Making and Tinkering on Capitol Hill

Engineering and coding, with the Museum of Science, Boston


Machines that tell science stories, with the KID Museum

by Lesley Markham and Carlin Hsueh

The Capitol Hill Maker Faire has become a yearly fixture for the maker community to showcase the best of making for the U.S. Congress during the National Week of Making.

It was hosted by the Nation of Makers, along with the Institute of Museum and Library Services (IMLS) and the Congressional Maker Caucus, with support from sponsors Chevron, Consumer Technology Association, and

This year the event was held on the evening of June 12 in the Rayburn House Office Building on Capitol Hill, with hands-on activities presented by staff from five ASTC members, and was preceded by a daylong series of panel sessions providing enlightening, relevant, and leading-edge information to an engaged and enthusiastic audience.

At the pre-Faire sessions. Photo by Carlin Hsueh

The panel sessions were opened by Maker Caucus Co-chair Representative Mark Takano of California and IMLS Director Kathryn Matthew. Describing the importance of museums and libraries in the maker ecosystem, Matthew emphasized the IMLS strategic commitment to community-based learning, problem solving, and creativity.

The panels covered a range of Maker issues including rethinking design of curriculum, lifelong learning, the role of the Federal government, fostering entrepreneurship, and leveraging the power of the maker movement.

Weaving on a card loom, with the Children’s Museum of Pittsburgh

ASTC-member panelists included Sam Dean from the Scott Family Amazeum in Bentonville, Arkansas; Elvin Peprah from the KID Museum in Bethesda, Maryland; and David Wells from the New York Hall of Science in Queens.

Key takeaways from the discussions include the need to share resources; partner with schools, industry, and community organizations for impact; and support the advocacy efforts of the maker movement. Science centers and museums were encouraged to form strong relationships with schools through the provision of field trips, afterschool clubs, camps, and teacher professional development.

Electric guitar and video-game controlled by foot, with the Science Museum of Virginia

Representatives of NASA, the U.S. Marine Corps, and the U.S. Patent and Trademark Office talked about their role in making to improve their own scientists’ creativity and design as well as their making activities with children and youth.

Founders from two maker spaces shared how they are improving their support for budding makers and tinkerers to pursue economic stability by starting apprenticeship programs with local companies and the maker space. While they spoke about the opportunities maker spaces can provide their communities, they also admitted that there was still work to be done in making the spaces available to more diverse audiences.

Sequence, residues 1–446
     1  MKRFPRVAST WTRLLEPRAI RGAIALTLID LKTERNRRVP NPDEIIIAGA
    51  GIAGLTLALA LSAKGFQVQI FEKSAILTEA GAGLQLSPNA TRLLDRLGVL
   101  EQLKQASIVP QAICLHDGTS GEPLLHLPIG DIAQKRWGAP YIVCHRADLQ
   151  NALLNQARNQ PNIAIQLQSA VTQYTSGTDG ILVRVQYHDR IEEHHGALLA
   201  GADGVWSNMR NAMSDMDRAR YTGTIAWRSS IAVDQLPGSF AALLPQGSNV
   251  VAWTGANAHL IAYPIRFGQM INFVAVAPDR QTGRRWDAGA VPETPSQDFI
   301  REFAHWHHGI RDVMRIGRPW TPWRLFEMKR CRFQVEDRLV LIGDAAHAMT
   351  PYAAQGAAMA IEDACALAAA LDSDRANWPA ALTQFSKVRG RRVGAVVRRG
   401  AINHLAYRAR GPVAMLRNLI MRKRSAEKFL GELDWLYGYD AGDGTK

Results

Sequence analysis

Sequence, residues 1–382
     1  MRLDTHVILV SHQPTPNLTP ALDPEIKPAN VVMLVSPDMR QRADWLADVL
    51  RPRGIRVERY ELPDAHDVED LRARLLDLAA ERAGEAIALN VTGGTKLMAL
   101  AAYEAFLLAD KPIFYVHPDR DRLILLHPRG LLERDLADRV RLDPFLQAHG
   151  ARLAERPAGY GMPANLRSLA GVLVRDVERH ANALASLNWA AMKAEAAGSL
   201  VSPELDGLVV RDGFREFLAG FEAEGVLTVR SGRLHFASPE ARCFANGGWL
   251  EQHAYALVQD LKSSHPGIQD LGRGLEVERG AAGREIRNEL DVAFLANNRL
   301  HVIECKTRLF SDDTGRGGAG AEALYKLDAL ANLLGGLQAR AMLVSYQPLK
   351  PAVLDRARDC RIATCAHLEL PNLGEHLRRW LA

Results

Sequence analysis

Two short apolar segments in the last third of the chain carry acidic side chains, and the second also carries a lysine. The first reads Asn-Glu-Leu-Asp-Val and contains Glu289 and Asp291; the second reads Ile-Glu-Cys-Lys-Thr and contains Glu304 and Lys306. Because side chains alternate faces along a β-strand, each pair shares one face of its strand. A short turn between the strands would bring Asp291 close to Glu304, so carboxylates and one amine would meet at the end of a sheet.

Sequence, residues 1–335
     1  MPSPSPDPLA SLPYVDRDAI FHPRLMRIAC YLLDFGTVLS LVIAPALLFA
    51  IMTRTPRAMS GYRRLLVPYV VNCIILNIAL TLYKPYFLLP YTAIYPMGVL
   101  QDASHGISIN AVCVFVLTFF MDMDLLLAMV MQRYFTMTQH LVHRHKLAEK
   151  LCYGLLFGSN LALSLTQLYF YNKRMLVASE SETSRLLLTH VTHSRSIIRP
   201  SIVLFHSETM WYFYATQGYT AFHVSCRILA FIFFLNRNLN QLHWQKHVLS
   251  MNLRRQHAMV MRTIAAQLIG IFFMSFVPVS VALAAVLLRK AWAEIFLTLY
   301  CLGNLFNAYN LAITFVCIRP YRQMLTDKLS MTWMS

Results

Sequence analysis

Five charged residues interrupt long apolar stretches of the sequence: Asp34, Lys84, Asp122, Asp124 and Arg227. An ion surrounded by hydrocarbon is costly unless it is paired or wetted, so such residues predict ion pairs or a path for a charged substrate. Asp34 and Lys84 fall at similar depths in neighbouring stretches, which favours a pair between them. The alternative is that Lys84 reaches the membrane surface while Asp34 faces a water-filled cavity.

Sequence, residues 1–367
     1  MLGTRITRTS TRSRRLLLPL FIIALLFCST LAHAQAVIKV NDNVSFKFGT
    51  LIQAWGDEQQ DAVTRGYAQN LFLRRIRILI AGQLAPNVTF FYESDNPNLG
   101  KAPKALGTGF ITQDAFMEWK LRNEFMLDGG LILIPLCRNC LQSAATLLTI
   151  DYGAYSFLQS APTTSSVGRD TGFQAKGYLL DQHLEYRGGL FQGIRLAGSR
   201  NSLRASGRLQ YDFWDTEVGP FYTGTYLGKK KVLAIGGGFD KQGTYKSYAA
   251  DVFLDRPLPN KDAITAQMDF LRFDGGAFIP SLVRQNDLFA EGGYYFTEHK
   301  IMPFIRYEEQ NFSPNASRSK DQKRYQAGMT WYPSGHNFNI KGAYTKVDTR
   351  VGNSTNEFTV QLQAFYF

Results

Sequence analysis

“My favorite part of the Maker Faire was the ‘Federal Government and Making’ panel,” said Devyn Curley, Engineering Education Associate at the Museum of Science, Boston. “It was incredible to hear about all of the different ways the government was leveraging the maker mentality to improve the capabilities of their staff, and more-over how they are trying to expose more people in the United State to making.”

“That panel highlighted an aspect of the maker movement that has been on my mind, and that’s intellectual property. As maker space popularity increases, more and more incredible projects will be invented and fabricated in drop-in and membership-based spaces alike. This challenge was also mentioned in the ‘Concept to Scale: Fostering Entrepreneurship and Workforce Development through Making’ panel, where they discussed it as a challenge of starting up a space as a for-profit. I think the next big-picture step the maker movement needs to make is better understanding how to handle intellectual property in its spaces, and not just communicating that to makers, but providing them resources to navigate it themselves.”

Simple 3D viewing activity, with the New York Hall of Science

Following these informative sessions, the Maker Faire featured dozens of organizations sharing a cornucopia of making and tinkering activities spread out across the several rooms in the Rayburn Building, including experiences presented by five ASTC members: Children’s Museum of Pittsburgh, KID Museum; Museum of Science (Boston), New York Hall of Science, and Science Museum of Virginia (Richmond).

Click on some of the links above or photos to discover more about the activities that science centers and museums brought to the Capitol Hill Maker Faire.


Are you interested in finding out how ASTC can help with your making projects? You can


Lesley Markham is ASTC’s Program Manager, Professional Development Strategic Initiatives,
and Carlin Hsueh is ASTC’s Project Manager, World Biotech Tour.


3D doodle pens, with the New York Hall of Science